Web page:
LBS : Could the 5o9inc approach be a solution to the privacy problem for location based services?

If you read my books, I have been sceptical of ‘Location’. In fact, I remember starting a talk with a slide called ‘Location, Location, Location?’. The ‘?’ is not a typo. It’s to say – ‘Where is Location?’(Considering all the hype around it!)

Location based services(LBS) are one of the most useful and intuitive mobile applications. Everybody understands ‘Find my nearest’ and everyone agrees that it is useful to know your nearest restaurant/gas station/ATM etc when on the move.

Understandably, LBS apps have been hyped almost from the very beginning and regrettably, location based services are still(largely) not here with us as mass market applications.

The main inhibitor to LBS is privacy and security.

In the context of LBS, privacy and security has many facets – for instance statutory and legal, working with trusted third parties, encryption of security information etc.

Due to my interest with LBS, I have been having long discussions with Peter Cranstone CEO of 5o9inc – who has been outlining me their product.

I am now fairly convinced that it fulfils a gap within the LBS value chain.I outline their solution(as I understand it) below and I seek your thoughts and feedback.

Leaving aside the legal issues for the moment(which are being addressed by the relevant regulatory body in each country – for instance – laws about protecting minors), there is still the problem of protecting the location information especially in the context of GPS(which is now driving LBS services) : for instance phones like the Nokia N95 now have inbuilt GPS

The problem 5o9inc is addressing is: how to keep the location information(and for that matter any other private data elements) secure between the phone (where that information resides) and the web server(where that information is typically processed).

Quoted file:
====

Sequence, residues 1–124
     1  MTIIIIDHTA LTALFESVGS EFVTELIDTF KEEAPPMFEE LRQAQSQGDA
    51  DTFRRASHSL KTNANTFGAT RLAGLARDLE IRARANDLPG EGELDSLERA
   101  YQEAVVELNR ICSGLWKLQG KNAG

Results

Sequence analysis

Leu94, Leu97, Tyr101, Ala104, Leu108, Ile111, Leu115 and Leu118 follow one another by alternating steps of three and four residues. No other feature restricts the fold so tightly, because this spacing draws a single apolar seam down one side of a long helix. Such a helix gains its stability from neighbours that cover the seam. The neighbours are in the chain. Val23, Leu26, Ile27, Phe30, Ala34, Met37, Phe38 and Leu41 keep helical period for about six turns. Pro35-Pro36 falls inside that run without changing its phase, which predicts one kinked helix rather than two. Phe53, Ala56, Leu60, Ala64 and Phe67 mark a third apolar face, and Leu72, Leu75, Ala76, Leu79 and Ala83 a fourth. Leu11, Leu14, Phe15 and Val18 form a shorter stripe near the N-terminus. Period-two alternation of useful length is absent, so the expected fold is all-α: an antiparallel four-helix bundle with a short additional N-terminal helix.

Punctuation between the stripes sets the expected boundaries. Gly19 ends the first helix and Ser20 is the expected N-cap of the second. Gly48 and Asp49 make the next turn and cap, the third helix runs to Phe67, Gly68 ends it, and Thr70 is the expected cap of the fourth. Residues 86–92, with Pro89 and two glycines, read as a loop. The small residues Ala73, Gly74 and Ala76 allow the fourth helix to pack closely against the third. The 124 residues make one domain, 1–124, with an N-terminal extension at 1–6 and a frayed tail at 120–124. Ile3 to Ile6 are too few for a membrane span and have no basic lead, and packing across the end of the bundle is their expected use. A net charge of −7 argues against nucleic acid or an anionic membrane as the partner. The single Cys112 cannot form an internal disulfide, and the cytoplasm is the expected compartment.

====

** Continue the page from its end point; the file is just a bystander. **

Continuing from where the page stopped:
This is a very real problem which we will hit as GPS and other location based solutions become mainstream

Peter is an expert at security/encryption based applications, having co invented co-invented mod_gzip(in fact, I think the approach they have taken below mirrors the mod_zip approach but in the wireless context)

The solution could work in a number of scenarios:

a) Consumer: between the device and the web server

b) Enterprise with a mobile work force and

c) The Enterprise with mobile customers hitting their web site (search, retail, ecommerce etc).

It works as follows: The client’s data is held in an encrypted database on the mobile device. Every “field of data” that he/she wishes to transmit to the content provider remains under their control. The client side app allows the user to check or un-check the data field that gets transmitted. For instance they can share name, address, phone number, email address and current real time GPS location. If they wish not to share the GPS location simply disable the field. When the data leaves the mobile device and 5o9 applies encryption to protect it during transit. It’s transparent to routers, firewalls, Carrier portals etc. The data then shows up at the web server. It’s unencrypted and then is available for back office applications.


Thus, it functions like a tollgate between the device and the web server.

Physically, the application is a mobile browser plug-in and a web server module

I can see applications for this service both at the enterprise and the consumer level.

For consumer uptake, it is designed to work with parties like device manufacturers, browser vendors or Operators because it does not change the underlying infrastructure (again mirroring the approach they took with mod_gzip).

Thus, it appears to solve a very real problem taking a relatively pain free approach (i.e. not changing the underlying architecture).

Seek your views and feedback on this approach?


  1. Johnny Fry says:

    I really like this approach. But they far from “invented” this model. It’s essentially a pubsub or syndication model. While useful, I can’t say I find it very innovative.

  2. Tomsoft says:

    I see one major issue:
    - this require a non standard plugins in browser
    - this approach works only for browser
    The issue with LBS application is not yet privacy, but more the fact that there is no technology widely deployed to enable LBS. GPS deployment will start only in mass market with N95.
    So I am not sure that the biggest issue with location will be privacy. The biggest change with GPS (compared to other techno) is that now user can choose or not to provide his location to the applications. Do we need another extra layer to do it?

  3. Quick follow up to the the current comments…
    1) The innovation is sending the data as part of the HTTP data stream. Getting GPS data along with other data is really quite simple. Making that data available to any web server is a little more challenging, especially if you consider the privacy implications of sending “protected field data which is encrypted”. That’s not something you can handle with a cookie on a dynamic basis.